Following the African-American History Celebration Feb. 22 at McEntire Joint National Guard Base, guest speakers Cory Adams and Lt. Gen (Ret.) Daniel James extend congratulations. Adams, of Boykin Electric Inc., is a businessman recognized as a “top 20 under 40” business owner in the Midlands. James, a combat veteran, was former Director of the Air National Guard and Adjutant General for Texas.
Key Numbers for Warriors and Families If you are a wounded, ill or injured Warrior: 1-800-342-9647 If you are experiencing domestic violence: 1-800-799-SAFE (7233) If you have experienced sexual assault: 1-800-656-HOPE (4673)
If you have any questions about psychological health and traumatic brain injury: 1-866-966-1020
Key Websites for Warriors and Families Information on facilities, services, and benefits: www.woundedwarrioresourcecenter.com Directory of medical and non-medical resources: www.nationalresourcedirectory.org Information on the Defense Centers of Excellence: www.dcoe.health.mil Service-specific information and resources: www.militaryonesource.com Information and resources for after-deployment concerns: www.afterdeployment.org
U.S. Army Photo by Cpl. Roberto Di Giovine
If you are thinking of suicide: 1-800-273-TALK (8255)
Mrs. Judi Gatson speaks in front of approximatively ninety National Guard Soldiers at the National Guard armory located on Bluff Rd., Columbia, S.C., on February 19, 2009. Gatson, anchorwoman for WIS-TV, was the guest speaker at “The Quest for Black Citizenship in America,” an event organized by the Black History Month program’s committee. Spring 2009
“Remember The Alamo!”
and its Seven South Carolina Defenders
Did you know?
2nd Lt. James Butler Bonham
Special Messenger for Travis
Bonham was expelled from University of South Carolina in 1824 for leading a student protest against poor food?
Pvt. Lemuel Crawford
Capt. Carey’s Artillery Battery
Crawford reenlisted in the militia just days before the battle of The Alamo?
Pvt. George Neggan
Gonzales Ranging Company
Neggan was a member of the Gonzales relief force which arrived at The Alamo on Mar. 1?
Pvt. Edward Nelson
Capt. Baker’s Company
Nelson joined the militia at Bexar (San Antonio) on Nov. 11, 1835?
Pvt. George Nelson
Capt. Blazeby’s Infantry Company
George is the older brother of Edward? They were one of two sets of siblings who defended The Alamo.
1st Lt. Cleveland Kinloch Simmons
Capt. Forsyth’s Cavalry Company
Simmons and fellow Alamo defender R.W. Ballentine landed in TX aboard the schooner Santiago in Jan. 1836?
Lt. Col.William Barret Travis
Alamo garrison Commander
Travis had been a lawyer, newspaperman and teacher?
Palmetto Guard Famiy Magazine
Story and photos by Maj. Scott Bell S.C. National Guard Historian Editor’s Note: We express our deepest gratitude to the Daughters of the Republic of Texas, Col. (Ret.) David Stewart, The Alamo’s Director and historian John Richardson for helping preserve for posterity the memories of The Alamo’s seven S.C. Citizen-Soldiers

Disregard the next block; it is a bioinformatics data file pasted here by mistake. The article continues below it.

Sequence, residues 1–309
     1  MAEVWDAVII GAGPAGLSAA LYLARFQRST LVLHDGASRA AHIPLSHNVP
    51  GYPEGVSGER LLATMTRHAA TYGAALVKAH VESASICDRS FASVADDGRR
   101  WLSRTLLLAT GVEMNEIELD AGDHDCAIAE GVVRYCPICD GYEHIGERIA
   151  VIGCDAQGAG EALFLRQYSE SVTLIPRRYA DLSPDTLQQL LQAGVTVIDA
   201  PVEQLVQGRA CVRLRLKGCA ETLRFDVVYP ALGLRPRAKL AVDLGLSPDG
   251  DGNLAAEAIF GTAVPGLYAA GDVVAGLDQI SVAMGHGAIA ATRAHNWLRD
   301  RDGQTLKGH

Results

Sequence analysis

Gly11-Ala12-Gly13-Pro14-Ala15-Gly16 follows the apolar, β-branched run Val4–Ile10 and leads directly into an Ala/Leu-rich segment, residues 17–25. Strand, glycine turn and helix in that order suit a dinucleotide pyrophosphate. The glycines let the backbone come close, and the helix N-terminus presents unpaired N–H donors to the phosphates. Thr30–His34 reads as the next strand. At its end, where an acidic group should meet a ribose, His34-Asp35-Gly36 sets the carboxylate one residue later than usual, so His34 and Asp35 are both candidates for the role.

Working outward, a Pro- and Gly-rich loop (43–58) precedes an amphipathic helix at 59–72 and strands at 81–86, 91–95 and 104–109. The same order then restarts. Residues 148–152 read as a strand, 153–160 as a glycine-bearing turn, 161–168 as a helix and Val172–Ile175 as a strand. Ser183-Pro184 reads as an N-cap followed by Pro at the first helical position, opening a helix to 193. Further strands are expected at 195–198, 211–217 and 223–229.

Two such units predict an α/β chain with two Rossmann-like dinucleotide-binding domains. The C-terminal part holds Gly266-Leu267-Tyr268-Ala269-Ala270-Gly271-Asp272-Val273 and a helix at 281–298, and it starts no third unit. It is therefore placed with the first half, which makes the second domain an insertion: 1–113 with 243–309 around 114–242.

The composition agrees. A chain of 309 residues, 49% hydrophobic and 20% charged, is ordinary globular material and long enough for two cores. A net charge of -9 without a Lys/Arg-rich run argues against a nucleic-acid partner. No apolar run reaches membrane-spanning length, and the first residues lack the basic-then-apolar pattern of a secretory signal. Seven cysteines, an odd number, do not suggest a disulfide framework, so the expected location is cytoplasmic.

nly a few times in history have small groups of doomed lovers of freedom captured the world’s imagination. By placing the value of liberty above the value of their own lives, these immortal heroes have come to epitomize the universal truism: “freedom is not free.” In ancient times, Leonidas and his 300 Spartans at Thermopylae were the quintessential example of such undaunted courage. Today, we “Remember The Alamo!” Before dawn on March 6, 1836, less than 200 freedom-loving men faced down a tyrant’s army more than 10 times their number. Like Leonidas, who knew his fight with Xerxes’ would be his last, South Carolina’s William Barrett Travis (commander of The Alamo) also knew his battle with General Antonio Lopez de Santa Anna’s would be his last.
rificed common sense logistics to move his with me cross the line.” army as quickly as possible from Mexico Every man but one made the decision City to retake San Antonio. Now, with to stay. Mexican bugles sounding Duguello (no The next morning, following the secquarter to the defenders) and approximate- ond wave of attacks on the north wall, Traly 2,500 men from Santa Anna’s 5,000 man vis fell. Soon after, the Mexican army was army storming The Alamo from all four pouring in through this battered position sides, the best Travis could hope for was and by 9:30 a.m. the battle for The Alamo taking as many of them with him as pos- was over. sible. No one knows the exact number of deTravis and his fellow defenders were fenders who fell on March 6. Santa Anna prepared for this moment. Sadly, their had the bodies of the heroes burned followonly hope for relief had come on March 1. ing the battle, but most estimates put the George Neggan of S.C. and 31 other volun- number around 189. What we do know, acteers from Gonzales crawled several hun- cording to Santa Anna’s personal secretary, dred yards through a creekbed surrounded is the Mexican army lost 1,544 killed and by Mexican troops brining this glimmer of almost one thousand more wounded. Santa hope. Anna called it a “victory” but in response, Knowing their representatives at Texas’ one of his senior commander’s was reportConstitutional Convention were working edly heard to say “one more victory like diligently on a Declaration of Indepen- this and we are finished.” dence from Mexico brought comfort, but Today, more than 2 ½ million visitors their final hope (gaining a few from around the world visit The Alamo, “I have answered the demand with a can- hundred more defenders) was the Shrine of Texas Liberty. They come non shot and our flag still waves proudly dashed on March 3. On this to be inspired by this universal symbol of day, James Bonham of S.C. had freedom. They come to walk the ground from the walls. I shall never surrender or risked life and limb to ride val- made hallow by patriot blood from South retreat. Then, I call on you in the name orously through the Mexican Carolina and around the world. They come siege lines and a hail of gunfire to read the prophetic words in Travis’ letof liberty, of patriotism and everything dear to the American character, to come to to bring Travis the fateful news ters. Words like “shrine” which at the time of no relief. meant “a box containing the relics of venour aid with all dispatch . . . If this call Travis and Soldiers like erated people” and “victory or death!” Cleveland Kinloch Simmons It’s doubtful Leonidas and his 300 Sparis neglected, I am determined to sustain of S.C. busied themselves the tans believed fate would enshrine their myself as long as possible and die like a next day making final defensive memories immemorial. Similarly, who Soldier who never forgets what is due to preparations and on the night among Travis’ men could have believed his honor and that of his country. before the final battle, Travis 173 years after a final stand in their shrine, called all of his men together. visitors to The Alamo would still whisper VICTORY OR DEATH!” While gathering in Alamo their names? plaza, Travis collected his emoExcerpts of a letter to General Sam Houston on Feb 24, tions and in ancient Leonidasby Lt. Col. William B. Travis describing his response to Santa Anna’s surrender demands on Feb 23. like fashion lay out for his men their final options. Thirteen days before, on Feb. 23, he led They could surrender, try his garrison out of San Antonio de Bexar to escape or die for their and into The Alamo hoping help would country. According to come. After all, precedent for victory here non-combatant survihad already been established. vors of The Alamo, Over a month prior and 600 yards away, Travis then drew his S.C. men like Lemuel Crawford and broth- sword and with the ers George and Edward Nelson helped de- point traced a line feat the Mexicans in brutal house-to-house across the sand sayfighting. ing “those who will Disturbed by the defeat, Santa Anna sac- stay here and die Modeler’s rendition of the original five-acre Alamo site. Spring 2009